Verse 32 refers to a dietary requirement still in place today. The ‘sinew’ is believed to be the sciatic nerve and associated ‘bits’ and is called the gid hanasheh. The hind-quarters of an animal are not allowed to be eaten – i.e. is not Kosher – without the removal of all of this sinew (as well as removal of fats). This process – Nikkur – is possible but complicated – learning to do it takes at least 5 months and the process itself is incredibly difficult and labour intensive, so the hindquarters of animals tend to go to the ‘non-Kosher’ meat trade.
What happens next? Well, Esau comes to meet Jacob, and Jacob goes out to attempt to appease Esau, by throwing himself to the ground in front of Esau in submission. Whereupon Esau greets Jacob as his brother – God has removed the thirst for revenge from Esau’s heart – and Jacob tells Esau that God has been gracious to him, referring to the blessing that he received from God after the wrestling.
Do we wrestle with God? I know I do; in my life I’ve gone through times of trial when I begin to wonder what can go pear-shaped next. It doesn’t mean I’m fighting with God in a sense of trying to defeat or work against him, or doubt him. It means that I’m wrestling with what God wants to do with me and, if he so wills it, for me. It might not be what I think I need at that time. I think that Jacob probably wanted a peaceful night’s sleep to build his strength for what he saw as the coming fight with Esau, and that wrestling God was the last thing he wanted to do.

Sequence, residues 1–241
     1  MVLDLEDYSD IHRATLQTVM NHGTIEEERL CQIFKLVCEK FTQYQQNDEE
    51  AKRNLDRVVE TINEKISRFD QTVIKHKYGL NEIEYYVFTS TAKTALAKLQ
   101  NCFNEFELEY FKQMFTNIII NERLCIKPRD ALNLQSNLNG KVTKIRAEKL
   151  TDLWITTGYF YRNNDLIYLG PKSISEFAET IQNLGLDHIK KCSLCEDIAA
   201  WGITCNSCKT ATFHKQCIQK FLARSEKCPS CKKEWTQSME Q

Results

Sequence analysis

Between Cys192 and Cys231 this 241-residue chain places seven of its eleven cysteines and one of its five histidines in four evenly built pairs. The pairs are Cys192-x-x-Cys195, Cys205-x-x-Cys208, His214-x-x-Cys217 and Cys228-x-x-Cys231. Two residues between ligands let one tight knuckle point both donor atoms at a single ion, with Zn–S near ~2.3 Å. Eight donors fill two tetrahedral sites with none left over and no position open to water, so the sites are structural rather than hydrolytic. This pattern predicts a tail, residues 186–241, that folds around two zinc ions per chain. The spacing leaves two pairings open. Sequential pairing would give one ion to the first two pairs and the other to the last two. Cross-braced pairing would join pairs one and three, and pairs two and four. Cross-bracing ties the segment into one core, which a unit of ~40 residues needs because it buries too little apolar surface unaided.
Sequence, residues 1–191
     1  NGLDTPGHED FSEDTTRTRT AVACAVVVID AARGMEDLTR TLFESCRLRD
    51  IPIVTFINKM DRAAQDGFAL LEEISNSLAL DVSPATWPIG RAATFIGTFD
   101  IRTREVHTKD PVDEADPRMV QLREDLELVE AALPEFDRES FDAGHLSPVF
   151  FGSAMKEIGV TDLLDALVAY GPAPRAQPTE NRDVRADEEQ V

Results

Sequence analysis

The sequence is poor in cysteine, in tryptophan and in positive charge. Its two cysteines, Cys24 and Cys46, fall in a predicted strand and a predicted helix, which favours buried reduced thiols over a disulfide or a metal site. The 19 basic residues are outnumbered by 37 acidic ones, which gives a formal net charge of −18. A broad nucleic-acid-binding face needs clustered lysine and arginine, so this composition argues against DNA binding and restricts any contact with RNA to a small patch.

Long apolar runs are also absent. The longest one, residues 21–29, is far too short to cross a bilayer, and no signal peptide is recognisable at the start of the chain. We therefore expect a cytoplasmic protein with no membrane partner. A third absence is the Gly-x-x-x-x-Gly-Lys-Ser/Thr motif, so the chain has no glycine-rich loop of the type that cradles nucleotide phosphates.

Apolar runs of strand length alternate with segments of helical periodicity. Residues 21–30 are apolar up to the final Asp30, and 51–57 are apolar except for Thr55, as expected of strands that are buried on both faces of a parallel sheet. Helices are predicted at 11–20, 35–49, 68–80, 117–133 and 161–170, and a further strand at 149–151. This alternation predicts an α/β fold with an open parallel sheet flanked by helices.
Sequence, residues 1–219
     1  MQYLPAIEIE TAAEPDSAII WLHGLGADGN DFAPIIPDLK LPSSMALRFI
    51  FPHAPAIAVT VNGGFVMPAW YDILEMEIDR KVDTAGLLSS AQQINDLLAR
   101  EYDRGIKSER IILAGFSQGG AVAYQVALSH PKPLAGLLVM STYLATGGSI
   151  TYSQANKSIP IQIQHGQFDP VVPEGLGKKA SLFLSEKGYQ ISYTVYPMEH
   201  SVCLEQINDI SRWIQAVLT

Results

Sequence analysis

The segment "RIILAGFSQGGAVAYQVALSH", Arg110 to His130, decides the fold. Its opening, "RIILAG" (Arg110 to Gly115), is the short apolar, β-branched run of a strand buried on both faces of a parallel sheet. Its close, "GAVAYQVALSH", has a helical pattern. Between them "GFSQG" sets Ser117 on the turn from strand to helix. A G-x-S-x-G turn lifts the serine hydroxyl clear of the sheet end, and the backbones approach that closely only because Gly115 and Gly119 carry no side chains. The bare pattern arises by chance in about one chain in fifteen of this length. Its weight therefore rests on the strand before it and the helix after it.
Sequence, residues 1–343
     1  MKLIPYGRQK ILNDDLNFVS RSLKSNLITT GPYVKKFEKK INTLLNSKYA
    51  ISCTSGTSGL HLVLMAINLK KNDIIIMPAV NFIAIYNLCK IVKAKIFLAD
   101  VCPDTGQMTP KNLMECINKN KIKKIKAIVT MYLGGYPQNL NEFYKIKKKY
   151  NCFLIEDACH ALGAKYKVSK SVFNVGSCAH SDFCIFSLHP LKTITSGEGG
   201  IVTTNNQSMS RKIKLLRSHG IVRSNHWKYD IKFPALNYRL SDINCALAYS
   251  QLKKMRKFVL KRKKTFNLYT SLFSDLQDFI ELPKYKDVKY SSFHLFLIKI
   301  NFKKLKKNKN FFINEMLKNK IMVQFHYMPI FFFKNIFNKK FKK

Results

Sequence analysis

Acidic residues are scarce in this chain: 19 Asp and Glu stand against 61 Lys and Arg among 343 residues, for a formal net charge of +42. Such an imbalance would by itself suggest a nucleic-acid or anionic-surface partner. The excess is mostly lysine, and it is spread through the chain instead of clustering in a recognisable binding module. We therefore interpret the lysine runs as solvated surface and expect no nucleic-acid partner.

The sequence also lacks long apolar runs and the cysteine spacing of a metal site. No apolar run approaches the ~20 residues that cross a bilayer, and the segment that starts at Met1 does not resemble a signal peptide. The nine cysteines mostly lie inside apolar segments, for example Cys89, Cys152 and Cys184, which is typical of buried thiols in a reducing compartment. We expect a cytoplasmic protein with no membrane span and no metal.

But God’s blessings on us come in unusual ways; God could have simply softened Esau’s heart (as he did) and no more. But he wished more for Jacob – and that extra came Jacob’s way only through intimate contact with God.
When we wrestle:
Our persistence will be rewarded. Jacob finds himself suddenly set upon and fights back; we may find ourselves praying and encountering issues we’d not thought of before. Do we ignore them? Do we deny them? If we’re reading and struggling with scripture, do we gloss over the bits we’re uncomfortable with? Or do we persist and work through them? When God challenges us through prayer or scripture, hang on in there. Jacob hung on in pain to ensure he got that blessing – sometime, we need to do the same.
We may be injured. We may not walk away nursing a physical injury, but we may find that we carry a spiritual wound away from our match. We may not physically limp, but we might well find that wrestling with God leaves us feeling a little less smart and a lot more humble as well as blessed.
Our identity may be changed; we’re not the same after a close encounter with God. We know of the faith that we’re baptised in to, just like Jacob knew the faith of his father and grandfather. But for that faith to become HIS faith, he had to fight for it. And after this struggle, he was no longer Jacob, the deceiver, but Israel, who has struggled and prevailed with God.
Our own wrestling matches with God will be those moments that help define us as a Christian, and allow us to take our faith in Jesus Christ closer to our hearts in a more personal way. We may limp at the end of the bout, but if we do, we can be sure that, like Jacob, God has seen fit to be bountiful in his blessing.
Joe Pritchard – Reader